Sometimes I can miss the blindingly obvious.
Like other observers of the widening sovereign debt crisis in Europe, we’ve commented on the fact that the big reason for Germany to work towards a rescue (more likely, the end game is a restructuring) of Greece and other Club Med members at risk is that its own banks, like those of France, are exposed if Greece defaults. Given that Eurobanks were thinly capitalized in the runup to the crisis and have recognized even fewer losses than their US counterparts, they are still fragile and vulnerable to systemic shocks. So the axis of contagion seemed to be through bank holdings of Greece sovereign debt (as well as having written CDS on Greek debt).
But we neglected to consider a more direct source of trouble, namely, that of bank runs in the countries at risk. John Mauldin’s latest newsletter tells us that is already underway in Greece:
Money is flying from Greek banks, which makes sense, as how can a bankrupt Greek government guarantee Greek bank deposits? I know that Greek bankers may have a different view, but Greek depositors are voting with their feet. And …it is not just Greece. It is fast becoming Portugal. And Spain is not far behind in my opinion.
Yves here. Despite all the noise about government debt defaults, the pattern in the Great Depression was selective default (war debt being the big favorite). However, this was also an era before bank deposit insurance was the norm for advanced economies. Moreover, Europeans may be even more quick trigger to pull funds out of banks, given that they have more direct experience of the fragility of governments (World War II memories, the implosion of Yugoslavia on its borders, the impact of general strikes). Recall that in the financial crisis, many US depositors were nervous about bank safety (witness how bank analysis service Institutional Risk Analyst offered a retail bank soundness product to cater to inquiries).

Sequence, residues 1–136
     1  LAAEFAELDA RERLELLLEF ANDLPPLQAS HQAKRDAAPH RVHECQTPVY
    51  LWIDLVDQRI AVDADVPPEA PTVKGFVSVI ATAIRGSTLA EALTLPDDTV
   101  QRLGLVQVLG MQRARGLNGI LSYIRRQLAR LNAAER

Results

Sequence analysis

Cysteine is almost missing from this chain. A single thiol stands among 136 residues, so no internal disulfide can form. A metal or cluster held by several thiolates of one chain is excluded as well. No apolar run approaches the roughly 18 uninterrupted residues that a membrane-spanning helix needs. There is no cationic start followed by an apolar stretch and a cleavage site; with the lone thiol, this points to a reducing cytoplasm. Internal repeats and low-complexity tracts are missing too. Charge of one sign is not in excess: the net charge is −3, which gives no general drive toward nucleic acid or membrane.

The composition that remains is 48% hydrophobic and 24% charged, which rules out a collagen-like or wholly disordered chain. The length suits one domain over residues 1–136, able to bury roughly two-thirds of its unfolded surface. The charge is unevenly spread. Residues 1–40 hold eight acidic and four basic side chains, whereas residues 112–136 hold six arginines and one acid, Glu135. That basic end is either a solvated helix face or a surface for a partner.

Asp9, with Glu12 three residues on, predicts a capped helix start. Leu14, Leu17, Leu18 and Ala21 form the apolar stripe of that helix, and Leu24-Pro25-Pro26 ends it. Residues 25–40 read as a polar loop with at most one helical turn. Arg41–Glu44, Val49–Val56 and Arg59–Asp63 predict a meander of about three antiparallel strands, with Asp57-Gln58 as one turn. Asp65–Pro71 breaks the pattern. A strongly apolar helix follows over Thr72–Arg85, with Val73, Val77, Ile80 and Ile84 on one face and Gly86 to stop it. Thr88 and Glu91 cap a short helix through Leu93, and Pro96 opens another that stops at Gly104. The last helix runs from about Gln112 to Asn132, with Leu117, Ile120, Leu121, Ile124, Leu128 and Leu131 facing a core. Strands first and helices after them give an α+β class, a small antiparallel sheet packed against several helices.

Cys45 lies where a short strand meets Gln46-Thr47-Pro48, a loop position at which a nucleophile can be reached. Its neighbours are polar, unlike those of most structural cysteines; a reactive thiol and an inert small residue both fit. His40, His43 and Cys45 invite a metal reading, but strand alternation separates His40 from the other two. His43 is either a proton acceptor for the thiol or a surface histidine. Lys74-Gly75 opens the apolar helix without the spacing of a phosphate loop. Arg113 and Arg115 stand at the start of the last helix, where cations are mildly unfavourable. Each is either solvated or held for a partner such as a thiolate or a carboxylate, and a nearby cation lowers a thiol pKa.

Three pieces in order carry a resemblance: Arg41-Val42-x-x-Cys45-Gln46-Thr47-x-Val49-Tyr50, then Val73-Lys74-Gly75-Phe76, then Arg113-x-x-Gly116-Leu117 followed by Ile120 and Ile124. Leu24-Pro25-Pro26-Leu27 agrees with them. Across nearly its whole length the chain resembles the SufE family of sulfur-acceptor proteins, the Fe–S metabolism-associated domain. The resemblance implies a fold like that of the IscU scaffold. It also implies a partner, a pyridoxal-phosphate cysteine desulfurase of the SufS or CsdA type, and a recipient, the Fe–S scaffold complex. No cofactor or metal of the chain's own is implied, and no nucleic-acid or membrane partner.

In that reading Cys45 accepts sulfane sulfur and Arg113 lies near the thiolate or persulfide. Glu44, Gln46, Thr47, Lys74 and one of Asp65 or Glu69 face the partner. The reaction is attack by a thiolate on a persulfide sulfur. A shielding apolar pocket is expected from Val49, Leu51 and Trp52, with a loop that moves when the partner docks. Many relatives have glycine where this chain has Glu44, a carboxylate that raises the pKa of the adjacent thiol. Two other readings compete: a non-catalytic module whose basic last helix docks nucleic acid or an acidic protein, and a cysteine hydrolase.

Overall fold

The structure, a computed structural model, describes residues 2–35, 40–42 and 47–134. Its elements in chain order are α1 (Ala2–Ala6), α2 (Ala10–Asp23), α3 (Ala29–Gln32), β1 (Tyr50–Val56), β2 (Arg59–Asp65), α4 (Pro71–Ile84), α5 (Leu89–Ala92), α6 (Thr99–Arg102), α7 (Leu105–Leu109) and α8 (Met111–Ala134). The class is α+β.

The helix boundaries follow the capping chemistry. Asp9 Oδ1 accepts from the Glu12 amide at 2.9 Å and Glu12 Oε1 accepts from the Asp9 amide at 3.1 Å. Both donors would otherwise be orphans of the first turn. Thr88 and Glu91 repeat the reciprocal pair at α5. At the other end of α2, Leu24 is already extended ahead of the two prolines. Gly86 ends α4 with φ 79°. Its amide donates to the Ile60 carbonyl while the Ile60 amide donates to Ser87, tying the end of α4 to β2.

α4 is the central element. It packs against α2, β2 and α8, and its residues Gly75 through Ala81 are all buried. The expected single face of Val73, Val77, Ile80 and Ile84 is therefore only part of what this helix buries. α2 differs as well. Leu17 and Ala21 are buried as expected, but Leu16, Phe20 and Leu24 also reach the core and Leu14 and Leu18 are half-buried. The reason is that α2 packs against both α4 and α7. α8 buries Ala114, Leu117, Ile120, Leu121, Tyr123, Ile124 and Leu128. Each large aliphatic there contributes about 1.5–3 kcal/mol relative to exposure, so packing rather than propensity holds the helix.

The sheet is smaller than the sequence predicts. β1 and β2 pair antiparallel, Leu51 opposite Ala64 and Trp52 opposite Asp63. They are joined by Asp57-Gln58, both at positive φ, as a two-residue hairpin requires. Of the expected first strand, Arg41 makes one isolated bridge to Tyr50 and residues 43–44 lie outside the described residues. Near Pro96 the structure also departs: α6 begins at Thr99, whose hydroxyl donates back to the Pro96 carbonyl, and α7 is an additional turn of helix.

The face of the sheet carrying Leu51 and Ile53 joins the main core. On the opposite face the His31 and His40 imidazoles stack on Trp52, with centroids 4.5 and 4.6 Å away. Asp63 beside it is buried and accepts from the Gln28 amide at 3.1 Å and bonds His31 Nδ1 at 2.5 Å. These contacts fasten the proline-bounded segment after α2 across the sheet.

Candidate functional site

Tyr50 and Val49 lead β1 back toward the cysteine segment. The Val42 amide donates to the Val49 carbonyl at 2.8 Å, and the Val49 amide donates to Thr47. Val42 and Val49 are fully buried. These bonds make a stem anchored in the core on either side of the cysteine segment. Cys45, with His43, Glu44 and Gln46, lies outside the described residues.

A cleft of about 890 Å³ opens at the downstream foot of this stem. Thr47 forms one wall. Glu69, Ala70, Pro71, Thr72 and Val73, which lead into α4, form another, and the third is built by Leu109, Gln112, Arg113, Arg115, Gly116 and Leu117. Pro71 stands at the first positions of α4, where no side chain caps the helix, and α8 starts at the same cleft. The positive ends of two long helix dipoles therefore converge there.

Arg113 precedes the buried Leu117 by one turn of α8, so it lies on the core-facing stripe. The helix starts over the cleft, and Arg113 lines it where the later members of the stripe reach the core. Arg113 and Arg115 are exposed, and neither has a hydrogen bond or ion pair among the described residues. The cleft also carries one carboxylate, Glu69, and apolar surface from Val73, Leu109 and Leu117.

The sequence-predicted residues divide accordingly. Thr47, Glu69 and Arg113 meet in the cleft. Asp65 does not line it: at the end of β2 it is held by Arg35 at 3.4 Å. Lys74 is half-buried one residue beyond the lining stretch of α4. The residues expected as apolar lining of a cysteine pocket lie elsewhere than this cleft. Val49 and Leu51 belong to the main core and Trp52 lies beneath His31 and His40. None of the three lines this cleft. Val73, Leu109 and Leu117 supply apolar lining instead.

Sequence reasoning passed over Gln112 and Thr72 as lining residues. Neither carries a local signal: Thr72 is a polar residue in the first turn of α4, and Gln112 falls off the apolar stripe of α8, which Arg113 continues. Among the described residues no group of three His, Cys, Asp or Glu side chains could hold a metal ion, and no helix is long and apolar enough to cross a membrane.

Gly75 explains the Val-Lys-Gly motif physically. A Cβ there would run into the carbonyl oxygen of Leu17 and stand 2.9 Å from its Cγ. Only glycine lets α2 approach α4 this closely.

So we have a second potential axis of contagion, via impairment of banks in the Club Med countries themselves. That has the potential to affect:
1. Bondholders of banks in Club Med countries (witness the virtual shutdown of bond issuance in Europe)
2. Companies, whether domestic or foreign, who do business in Club Med countries (transactions are normally settled in local banks; finding banks both sides to a commercial deal will find acceptable may loom as a issue)
3. Most important, interbank markets
So far, the reaction to the Greece/Club Med crisis seems to be a generalized widening of risk premia (ex the US, where investors seem to believe the eurozone can implode without having any adverse impact here). We may start to see more differentiation, in particular, further widening in exposures that are arguably on the front lines, as the crisis grinds on.